And when peaceful protesters begin to turn violent, military regimes typically respond with an even worse crackdown, causing the violence to escalate and the political contestation to slide into civil war. Yet, the AP reports this week that the United Nations sees itself as hamstrung in the situation. Although the organization’s Credentials Committee is stalling a decision on whether to recognize the junta, “the UN is unlikely to take any meaningful action against Myanmar’s new rulers because they have the support of China and Russia.”

It is true that the U.N. remains notoriously poor at intervening in civil wars before they break out, or forestalling campaigns targeting civilians in their early stages. But criticisms of the U.N. for inaction in Myanmar are not quite fair. Some critics of the U.N.’s passivity would understand “meaningful action” to mean only humanitarian intervention. And clearly, a Chapter VII intervention is institutionally impossible given the array of great power interests. But that’s how the U.N. is supposed to work. And the idea that the U.N. cannot or will not “meaningfully” act overestimates the power of the Responsibility to Protect doctrine, underestimates the U.N. as an institution and misreads the source of the U.N.’s political impotence.

First, in cases where humanitarian intervention is truly called for, the Responsibility to Protect, or R2P, doctrine is flexible enough to leave open the possibility of one without the approval of the Security Council. To be sure, this approach has its downsides as well, as Russia and China like to argue. After all, human rights can be used as a smoke-screen for self-interested invasions, which potentially makes for a slippery slope to undermining the U.N. Charter.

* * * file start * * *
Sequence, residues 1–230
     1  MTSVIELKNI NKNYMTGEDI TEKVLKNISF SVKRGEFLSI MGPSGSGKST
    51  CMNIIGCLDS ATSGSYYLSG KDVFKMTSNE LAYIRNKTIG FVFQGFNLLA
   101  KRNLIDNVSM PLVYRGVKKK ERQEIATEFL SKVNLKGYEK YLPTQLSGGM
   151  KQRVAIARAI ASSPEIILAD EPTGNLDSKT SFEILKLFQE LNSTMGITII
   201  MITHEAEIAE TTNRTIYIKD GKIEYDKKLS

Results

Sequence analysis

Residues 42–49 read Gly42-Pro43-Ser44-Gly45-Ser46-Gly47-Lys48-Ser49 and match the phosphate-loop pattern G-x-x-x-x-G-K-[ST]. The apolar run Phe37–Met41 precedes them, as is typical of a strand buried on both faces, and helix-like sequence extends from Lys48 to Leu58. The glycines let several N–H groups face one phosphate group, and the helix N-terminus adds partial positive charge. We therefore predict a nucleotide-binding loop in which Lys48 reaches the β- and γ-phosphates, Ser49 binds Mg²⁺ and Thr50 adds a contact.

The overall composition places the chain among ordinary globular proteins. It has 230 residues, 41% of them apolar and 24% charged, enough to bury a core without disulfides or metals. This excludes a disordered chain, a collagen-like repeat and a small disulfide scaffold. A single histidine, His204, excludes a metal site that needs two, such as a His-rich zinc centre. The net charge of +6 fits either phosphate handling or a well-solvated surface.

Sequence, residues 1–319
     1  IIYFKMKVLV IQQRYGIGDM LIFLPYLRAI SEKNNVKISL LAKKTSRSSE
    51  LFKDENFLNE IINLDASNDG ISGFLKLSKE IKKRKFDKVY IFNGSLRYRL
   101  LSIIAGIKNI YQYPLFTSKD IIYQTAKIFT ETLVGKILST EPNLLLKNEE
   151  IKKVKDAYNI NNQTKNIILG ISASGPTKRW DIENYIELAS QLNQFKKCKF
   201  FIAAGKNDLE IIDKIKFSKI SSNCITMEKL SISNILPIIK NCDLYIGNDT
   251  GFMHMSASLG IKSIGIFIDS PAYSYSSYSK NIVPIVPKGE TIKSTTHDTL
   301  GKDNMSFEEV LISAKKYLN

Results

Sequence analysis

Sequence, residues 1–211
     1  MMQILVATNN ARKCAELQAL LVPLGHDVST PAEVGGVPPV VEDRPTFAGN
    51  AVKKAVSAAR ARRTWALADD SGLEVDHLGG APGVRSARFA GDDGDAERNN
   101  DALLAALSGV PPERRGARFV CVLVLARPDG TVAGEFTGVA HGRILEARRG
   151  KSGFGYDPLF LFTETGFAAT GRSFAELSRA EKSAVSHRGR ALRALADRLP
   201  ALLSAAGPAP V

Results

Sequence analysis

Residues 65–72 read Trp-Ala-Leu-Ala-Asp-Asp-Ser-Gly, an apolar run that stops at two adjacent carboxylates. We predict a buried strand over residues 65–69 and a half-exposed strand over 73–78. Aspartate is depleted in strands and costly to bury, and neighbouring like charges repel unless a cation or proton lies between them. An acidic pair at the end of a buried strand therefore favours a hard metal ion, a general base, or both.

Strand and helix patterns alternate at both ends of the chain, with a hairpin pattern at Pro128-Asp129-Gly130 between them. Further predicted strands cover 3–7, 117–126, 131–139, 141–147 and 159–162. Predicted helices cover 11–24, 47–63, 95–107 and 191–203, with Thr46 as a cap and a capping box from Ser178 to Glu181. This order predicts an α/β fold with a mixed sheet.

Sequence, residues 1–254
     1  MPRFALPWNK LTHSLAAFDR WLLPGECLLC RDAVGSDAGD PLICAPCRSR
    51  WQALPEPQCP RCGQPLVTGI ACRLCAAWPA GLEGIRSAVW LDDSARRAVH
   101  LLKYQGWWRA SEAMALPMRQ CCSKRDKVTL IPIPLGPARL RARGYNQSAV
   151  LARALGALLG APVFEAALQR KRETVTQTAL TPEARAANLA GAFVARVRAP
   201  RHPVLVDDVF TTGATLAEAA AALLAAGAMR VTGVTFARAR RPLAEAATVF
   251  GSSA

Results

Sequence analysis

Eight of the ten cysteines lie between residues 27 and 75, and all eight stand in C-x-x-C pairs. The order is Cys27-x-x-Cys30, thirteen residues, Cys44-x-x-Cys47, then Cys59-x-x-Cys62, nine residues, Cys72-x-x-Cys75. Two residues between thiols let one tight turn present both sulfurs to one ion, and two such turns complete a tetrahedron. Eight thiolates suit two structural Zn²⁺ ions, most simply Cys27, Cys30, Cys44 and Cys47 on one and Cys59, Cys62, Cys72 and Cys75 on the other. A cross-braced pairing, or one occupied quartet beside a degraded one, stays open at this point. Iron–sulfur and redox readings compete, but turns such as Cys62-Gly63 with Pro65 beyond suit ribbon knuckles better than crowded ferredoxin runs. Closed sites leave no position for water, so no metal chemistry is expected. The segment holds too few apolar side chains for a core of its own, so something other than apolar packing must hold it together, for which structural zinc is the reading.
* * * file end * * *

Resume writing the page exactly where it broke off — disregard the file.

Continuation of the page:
But to some extent this can be mitigated by the emergent norm in international customary law that to be “humanitarian,” an intervention must be genuinely multilateral. The NATO intervention in Kosovo fit this description without a Security Council resolution, in the same way the intervention in Libya arguably did with one. By contrast, Russia’s intervention in Ukraine and the United States’ equally self-serving invasion of Iraq both involved humanitarian justifications, but these were widely—and correctly—viewed as unwarranted violations of the U.N. Charter. In theory, however, atrocity prevention does not hinge on the Security Council.

Second, while the Responsibility to Protect doctrine is often associated with the idea of military intervention, the doctrine calls for significantly more factors to be taken into consideration than just whether atrocities have reached a threshold justifying the use of force to stop them. Among other things, there must be a proportionality analysis: Can more civilian lives be saved by acting than will be lost by the inevitable fallout of war? Will the humanitarian good of regime change or atrocity prevention outweigh the potential humanitarian cost of an escalating regional war, for example, should two nuclear-armed great power rivals fall afoul? In Syria, for example, the argument for humanitarian intervention was much stronger in 2011, when then-U.S. President Barack Obama first proposed it, or even earlier, when Syrian President Bashar al-Assad was dropping “mere” barrel bombs on civilians but had not yet escalated to using chemical weapons. By the time the Islamic State showed up and Russia was on the scene, however, the risk-to-benefit proportionality analysis became much more complicated and prohibitive.